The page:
Genre Science Fiction Publisher St. Martin's Press Year Published 2004 Review Posted on 11/16/2006 Reviewer Rating
8 out of 10
Air, by Geoff Ryman
Reviewed by Sheri Fresonke Harper
If you've read this book, why not
I loved this book and felt deeply moved by Chung Mae's trials as she dealt with the arrival of new technology into her rural community. Her reactions seemed true to life and the only thing slightly corny was her pregnancy.
Air asserts the premise of a telepathic Internet called "Air." The story characters live in a small village in Karzistan and are among the last people in the world to get Air. The amount of hard technology is limited, but at the same time, author Geoff Ryman accurately describes the difficulties associated with deploying technology. He touches on the political, social, and personal challenges involved in using a new system and in the community.
The theme of Air seems to be those who survive accept technological change. Chung Mae's business is the first affected. Every step of the way, Chung Mae faces new and worse difficulties involving her family life, village life, professional life, and political life and how she connects to people outside her country. I have seldom rooted for a character more. She is an appealing character because her troubles challenge her and she acts with positive intent. The book is so well written that the words flow and the reader is soon caught up in Chung Mae's world.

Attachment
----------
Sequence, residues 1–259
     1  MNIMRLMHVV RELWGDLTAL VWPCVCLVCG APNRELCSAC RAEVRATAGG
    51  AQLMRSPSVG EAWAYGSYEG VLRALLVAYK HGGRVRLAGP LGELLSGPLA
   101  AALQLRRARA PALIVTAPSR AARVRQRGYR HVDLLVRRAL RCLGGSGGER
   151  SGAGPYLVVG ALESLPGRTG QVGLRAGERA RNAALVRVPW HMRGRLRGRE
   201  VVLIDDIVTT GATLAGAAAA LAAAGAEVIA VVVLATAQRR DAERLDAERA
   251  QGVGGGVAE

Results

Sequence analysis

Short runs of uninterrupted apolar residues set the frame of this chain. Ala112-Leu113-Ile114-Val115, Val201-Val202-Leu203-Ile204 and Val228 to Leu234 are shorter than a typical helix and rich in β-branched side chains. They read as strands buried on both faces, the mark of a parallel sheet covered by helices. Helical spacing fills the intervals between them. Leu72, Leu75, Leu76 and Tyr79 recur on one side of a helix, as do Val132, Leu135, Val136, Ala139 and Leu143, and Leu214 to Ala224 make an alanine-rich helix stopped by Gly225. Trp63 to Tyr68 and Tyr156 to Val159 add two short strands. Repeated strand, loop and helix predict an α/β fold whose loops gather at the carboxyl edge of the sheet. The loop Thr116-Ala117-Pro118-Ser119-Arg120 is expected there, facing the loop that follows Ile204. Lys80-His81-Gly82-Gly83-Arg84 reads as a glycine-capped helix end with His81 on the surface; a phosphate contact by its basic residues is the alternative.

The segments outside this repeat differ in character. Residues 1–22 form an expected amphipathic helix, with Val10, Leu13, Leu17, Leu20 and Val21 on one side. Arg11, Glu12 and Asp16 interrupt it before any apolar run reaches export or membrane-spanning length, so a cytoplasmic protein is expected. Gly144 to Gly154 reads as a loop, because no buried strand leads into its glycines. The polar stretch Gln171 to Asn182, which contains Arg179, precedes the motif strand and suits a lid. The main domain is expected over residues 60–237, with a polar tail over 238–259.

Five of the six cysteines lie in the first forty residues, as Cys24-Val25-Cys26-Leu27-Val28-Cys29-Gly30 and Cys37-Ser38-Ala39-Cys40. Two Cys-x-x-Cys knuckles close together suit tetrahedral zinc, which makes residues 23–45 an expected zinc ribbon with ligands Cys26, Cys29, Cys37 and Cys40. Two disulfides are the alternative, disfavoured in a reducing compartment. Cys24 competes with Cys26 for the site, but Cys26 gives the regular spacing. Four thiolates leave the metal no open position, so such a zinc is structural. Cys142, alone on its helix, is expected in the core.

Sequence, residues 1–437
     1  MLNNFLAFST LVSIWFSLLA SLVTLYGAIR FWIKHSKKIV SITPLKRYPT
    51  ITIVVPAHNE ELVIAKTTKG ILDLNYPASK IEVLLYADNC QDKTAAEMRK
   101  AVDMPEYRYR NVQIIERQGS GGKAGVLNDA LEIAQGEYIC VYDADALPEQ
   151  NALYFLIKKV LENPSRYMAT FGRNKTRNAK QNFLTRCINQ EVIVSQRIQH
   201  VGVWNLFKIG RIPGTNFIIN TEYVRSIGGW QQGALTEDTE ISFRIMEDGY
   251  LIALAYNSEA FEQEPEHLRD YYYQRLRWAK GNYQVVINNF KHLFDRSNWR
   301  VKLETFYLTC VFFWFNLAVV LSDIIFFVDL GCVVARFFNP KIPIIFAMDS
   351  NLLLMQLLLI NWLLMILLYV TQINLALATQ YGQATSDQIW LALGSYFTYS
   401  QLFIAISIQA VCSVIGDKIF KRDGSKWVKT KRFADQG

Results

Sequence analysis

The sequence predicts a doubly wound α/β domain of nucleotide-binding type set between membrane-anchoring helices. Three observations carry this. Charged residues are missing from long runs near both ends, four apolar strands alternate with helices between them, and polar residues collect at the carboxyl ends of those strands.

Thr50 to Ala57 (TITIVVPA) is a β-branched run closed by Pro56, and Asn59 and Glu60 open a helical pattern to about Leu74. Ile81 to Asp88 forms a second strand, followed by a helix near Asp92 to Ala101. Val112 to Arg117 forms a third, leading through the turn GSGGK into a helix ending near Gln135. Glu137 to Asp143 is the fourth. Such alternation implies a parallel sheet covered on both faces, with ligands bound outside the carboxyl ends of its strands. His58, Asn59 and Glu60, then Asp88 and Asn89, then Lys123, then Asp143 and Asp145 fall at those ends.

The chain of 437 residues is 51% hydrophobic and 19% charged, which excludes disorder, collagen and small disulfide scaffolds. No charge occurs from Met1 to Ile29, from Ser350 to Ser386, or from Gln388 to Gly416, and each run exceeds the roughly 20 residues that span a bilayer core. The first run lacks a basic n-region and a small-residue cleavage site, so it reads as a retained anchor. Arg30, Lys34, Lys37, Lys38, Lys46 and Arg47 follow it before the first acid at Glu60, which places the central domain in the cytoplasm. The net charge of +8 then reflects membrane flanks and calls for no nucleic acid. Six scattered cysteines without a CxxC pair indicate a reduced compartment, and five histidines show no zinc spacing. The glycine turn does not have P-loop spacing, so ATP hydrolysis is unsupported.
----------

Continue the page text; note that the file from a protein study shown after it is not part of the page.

I believe readers that like well written, well-plotted novels will like this story. There aren't any high-tech buzz words, aliens, or outer space travel, but then I don't think they are needed.
I rate this book 4.5 stars because it has good plot, character development, an important theme, interesting setting and the only thing slightly lacking is technological complexity in a future world.